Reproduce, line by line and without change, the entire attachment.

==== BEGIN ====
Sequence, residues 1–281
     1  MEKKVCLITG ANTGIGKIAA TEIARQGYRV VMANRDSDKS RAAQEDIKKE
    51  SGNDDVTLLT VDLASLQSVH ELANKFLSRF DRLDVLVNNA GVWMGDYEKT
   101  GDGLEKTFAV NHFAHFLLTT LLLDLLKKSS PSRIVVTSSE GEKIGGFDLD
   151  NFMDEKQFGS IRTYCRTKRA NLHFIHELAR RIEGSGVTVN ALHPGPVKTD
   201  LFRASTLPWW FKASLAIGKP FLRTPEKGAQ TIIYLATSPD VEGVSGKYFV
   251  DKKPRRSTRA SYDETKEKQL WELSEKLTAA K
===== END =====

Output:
Sequence, residues 1–281
     1  MEKKVCLITG ANTGIGKIAA TEIARQGYRV VMANRDSDKS RAAQEDIKKE
    51  SGNDDVTLLT VDLASLQSVH ELANKFLSRF DRLDVLVNNA GVWMGDYEKT
   101  GDGLEKTFAV NHFAHFLLTT LLLDLLKKSS PSRIVVTSSE GEKIGGFDLD
   151  NFMDEKQFGS IRTYCRTKRA NLHFIHELAR RIEGSGVTVN ALHPGPVKTD
   201  LFRASTLPWW FKASLAIGKP FLRTPEKGAQ TIIYLATSPD VEGVSGKYFV
   251  DKKPRRSTRA SYDETKEKQL WELSEKLTAA K